Sugar cereal isn’t good for us. No doctor ever told anyone to eat more Fruity Pebbles or Reese’s Puffs. (Yes, these exist.) There’s no logical argument that can be made for its consumption. But during COVID, cereal sales went up across the board, jumping nearly 9 percent in 2020 after years of decline, according to Nielsen data. And who’s to blame us if, during a time of great uncertainty, we turn to our childhood comforts? Tony the Tiger! Toucan Sam! They’re here for us.
So pull up a chair, grab a spoon, and pour yourself a big bowl. The only question is which kind to choose. Here is a definitive ranking of sugar cereals, from best to worst.
1. Lucky Charms
Inarguably the best sugar cereal, from concept to execution. With toasty oat bits and sweet marshmallows, it offers the perfect balance of flavors; Cheerios-esque crispness meets airy, freeze-dried, space-food crunch in pure textural harmony. When the marshmallows start to get just a little melty in the milk? Chef’s kiss! (You can purchase bags of these so-called marbits on their own; they’re so good they require their own industry term.) It’s magically delicious, indeed. But Lucky Charms’ charm is about so much more. It’s made with thought and care. Those clover marbits could have been merely green; instead, they are dark green at the center with a light-green outline. The distinctive arced rainbows feature three colors in one. Beautiful! The cereal comes with its own mythology, a bit of Tolkien-esque world-building over breakfast. These aren’t merely pink hearts, yellow moons, orange stars. Each marbit officially represents one of mascot Lucky the Leprechaun’s powers: Hearts give life to objects, moons bring invisibility, stars confer flight, and so on. And then there are the oat bits, runelike and enigmatic, shaped like symbols from a secret order. What do they mean, bobbing there in the milk? Only Lucky knows, and he isn’t telling.
Sog resistance: Still edible at 10 minutes, though starting to disintegrate.
Milk effect: Tinted an eerie blue, with discernible aroma and flavor. A pleasant tipple, like flavored coffee creamer. Would make a nice punch with pineapple and rum.
2. Frosted Flakes
What’s not to love? Simple, classic, and excellent, in the way of vanilla ice cream or a doughnut covered in powdered sugar. Frosted Flakes isn’t exciting so much as essential to its genre: Sugar cereal wouldn’t be sugar cereal without it. Unquestionably, perfectly sweet, like a Jordan almond without the almond; excellent with black coffee. I don’t want to eat a whole bowl of many sugar cereals, but I do want to eat a whole bowl of these. Maybe two.
Sog resistance: Better staying power than expected from a thin flake. They verge on mushy around 5 minutes, but even the lightly soggy flakes have their appeal.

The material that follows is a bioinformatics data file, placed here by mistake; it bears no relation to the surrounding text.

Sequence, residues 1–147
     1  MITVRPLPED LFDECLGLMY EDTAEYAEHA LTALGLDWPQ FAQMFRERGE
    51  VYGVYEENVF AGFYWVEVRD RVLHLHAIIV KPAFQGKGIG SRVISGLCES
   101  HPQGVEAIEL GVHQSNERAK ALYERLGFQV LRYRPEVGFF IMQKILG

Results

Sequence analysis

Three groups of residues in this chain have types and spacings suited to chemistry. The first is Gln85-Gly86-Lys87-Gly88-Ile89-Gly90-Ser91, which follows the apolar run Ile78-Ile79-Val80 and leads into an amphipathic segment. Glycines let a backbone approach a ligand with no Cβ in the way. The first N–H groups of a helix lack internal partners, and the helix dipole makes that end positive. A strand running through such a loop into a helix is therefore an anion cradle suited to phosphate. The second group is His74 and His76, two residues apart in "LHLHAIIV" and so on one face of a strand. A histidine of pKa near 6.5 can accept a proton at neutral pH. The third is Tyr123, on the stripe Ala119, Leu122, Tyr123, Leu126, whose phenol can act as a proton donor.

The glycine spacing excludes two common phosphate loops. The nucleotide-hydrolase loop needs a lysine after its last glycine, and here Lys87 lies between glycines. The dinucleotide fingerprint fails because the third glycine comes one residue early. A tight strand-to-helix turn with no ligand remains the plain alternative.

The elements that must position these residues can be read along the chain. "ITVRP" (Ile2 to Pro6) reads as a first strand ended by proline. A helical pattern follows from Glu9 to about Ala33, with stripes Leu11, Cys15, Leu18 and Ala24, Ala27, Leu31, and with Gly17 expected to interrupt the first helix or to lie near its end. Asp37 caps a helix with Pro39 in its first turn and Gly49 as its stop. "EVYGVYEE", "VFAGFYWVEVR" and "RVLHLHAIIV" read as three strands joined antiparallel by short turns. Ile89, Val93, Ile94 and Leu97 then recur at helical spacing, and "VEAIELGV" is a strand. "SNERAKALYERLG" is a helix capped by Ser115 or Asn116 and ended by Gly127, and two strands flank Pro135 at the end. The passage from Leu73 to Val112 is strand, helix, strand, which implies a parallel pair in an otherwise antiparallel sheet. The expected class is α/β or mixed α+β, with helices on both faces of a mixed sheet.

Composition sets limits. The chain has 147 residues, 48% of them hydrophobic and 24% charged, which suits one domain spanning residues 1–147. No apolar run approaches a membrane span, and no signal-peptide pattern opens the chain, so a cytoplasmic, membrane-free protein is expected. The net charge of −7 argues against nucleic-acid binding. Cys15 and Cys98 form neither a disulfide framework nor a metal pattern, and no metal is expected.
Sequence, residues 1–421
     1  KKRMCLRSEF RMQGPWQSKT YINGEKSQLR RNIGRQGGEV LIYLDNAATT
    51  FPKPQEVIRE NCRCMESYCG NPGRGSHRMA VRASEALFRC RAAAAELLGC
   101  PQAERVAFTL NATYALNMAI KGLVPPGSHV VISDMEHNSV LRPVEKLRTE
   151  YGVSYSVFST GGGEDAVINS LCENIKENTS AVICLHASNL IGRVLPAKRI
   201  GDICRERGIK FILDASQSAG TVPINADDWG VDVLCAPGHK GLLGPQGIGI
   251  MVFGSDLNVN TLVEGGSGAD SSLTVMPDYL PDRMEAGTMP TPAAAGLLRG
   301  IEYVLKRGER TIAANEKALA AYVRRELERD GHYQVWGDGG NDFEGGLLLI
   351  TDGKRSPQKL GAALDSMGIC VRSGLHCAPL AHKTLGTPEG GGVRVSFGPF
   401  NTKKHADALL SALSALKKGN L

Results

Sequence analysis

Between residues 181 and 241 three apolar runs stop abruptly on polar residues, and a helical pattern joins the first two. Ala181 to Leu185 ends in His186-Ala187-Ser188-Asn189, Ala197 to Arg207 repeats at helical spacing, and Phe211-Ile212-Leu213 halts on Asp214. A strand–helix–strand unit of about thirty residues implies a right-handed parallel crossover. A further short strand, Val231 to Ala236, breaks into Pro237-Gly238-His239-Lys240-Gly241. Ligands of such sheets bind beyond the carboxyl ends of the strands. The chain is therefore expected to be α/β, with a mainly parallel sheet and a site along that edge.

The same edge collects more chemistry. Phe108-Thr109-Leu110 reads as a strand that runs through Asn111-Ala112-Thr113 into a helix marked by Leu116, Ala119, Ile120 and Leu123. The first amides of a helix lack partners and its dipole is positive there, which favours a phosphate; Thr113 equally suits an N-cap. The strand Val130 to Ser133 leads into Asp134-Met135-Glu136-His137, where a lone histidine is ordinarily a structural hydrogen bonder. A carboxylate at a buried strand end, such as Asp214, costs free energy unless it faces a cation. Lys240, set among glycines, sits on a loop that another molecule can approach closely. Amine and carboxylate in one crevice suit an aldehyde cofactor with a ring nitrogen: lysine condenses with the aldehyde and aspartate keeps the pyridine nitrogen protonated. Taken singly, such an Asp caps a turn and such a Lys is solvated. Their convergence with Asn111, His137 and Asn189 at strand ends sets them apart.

Milk effect: Remains pure white, like the freshest snow. Neutral but sweet, with a light malty roundness. Highly drinkable, down to the last drop.
3. Froot Loops
Iconic. A modern pop artifact. One bite will transport you to a Barbie Dreamhouse of the mind. That unmistakable faux fruitiness wafts from the box with the sillage of a luxury perfume: “Follow your nose, it always knows!,” as sage Toucan Sam would counsel. Froot Loops likes to mess with your head. They’re every color of the rainbow, yet these loops all taste the same. And they taste marvelous, which is to say like sugar and faux fruit. Froot. They don’t pretend to be anything they’re not, and I respect it.
Sog resistance: Could perform better. A bit squishy after 5 minutes.
Milk effect: Takes on a distinct pastel aura but tastes only lightly sweet. This speaks to the integrity of the cereal, which holds on to its essence, giving little up.
4. Golden Grahams
Do you enjoy the works of Jane Austen and Henry James? Help yourself to a bowl of Golden Grahams, the cereal equivalent of a classically written novel — something that would never come to market today but remains utterly compelling, perfect in form and structure. The squares are very crunchy, slightly curved, ribbed for your pleasure. The honey graham cracker flavor actually tastes golden. Marketing understandably plays to nostalgia, with retro type and “Remember the ‘80s?” quizzes on the back of the box. After all, who’s going to buy this who didn’t ride a Huffy bike with a banana seat and handlebar streamers? It’s a shame, because Golden Grahams is a simple delight. Much better than that usurper Cinnamon Toast Crunch.
Sog resistance: Begins to soften after 6 minutes, and actually tastes better that way until it goes truly floppy at the 9-minute mark.
Milk effect: Golden-brown, as if sepia-tinted with memories. The taste is lovely, sweet and graham-y.
5. Cap’n Crunch
Taste-wise, Cap’n Crunch works as well now as the day the coating was developed by local hero Pamela Low, a flavorist from New Hampshire. (She based it on a treat her grandmother made by pouring a sauce of butter and brown sugar over rice.) Salty-sweet with a hint of umami, in the manner of fleur de sel caramels or miso-spiked butterscotch, it is deliciously on trend. The texture is not Low’s fault. Who thought eating a bowl of tiny fiberglass mouth loofahs was a good idea?
Sog resistance: No matter how long it sits in milk, the appropriately named Cap’n Crunch retains the power to slice tongues. Still crunching away at 15 minutes.
Milk effect: Takes on a tannish hue. Salted caramel flavor. Would make excellent soft-serve.
6. Cinnamon Toast Crunch
The best cereal of all time, many say. Pshaw. Sure, the cinnamon sugar is delicious. It’s so wholesome, like something home-baked. But CTC gets soggy almost instantly. Eat it fast or suffer the consequences. It also has a hint of bitterness, tannic and walnut-esque. Looks like Golden Grahams but lacks the crunchy longevity. And then there’s little sister French Toast Crunch, which stays crisp in milk and looks adorable, like teeny pieces of actual French toast. Cinnamon Toast Crunch: good but overrated.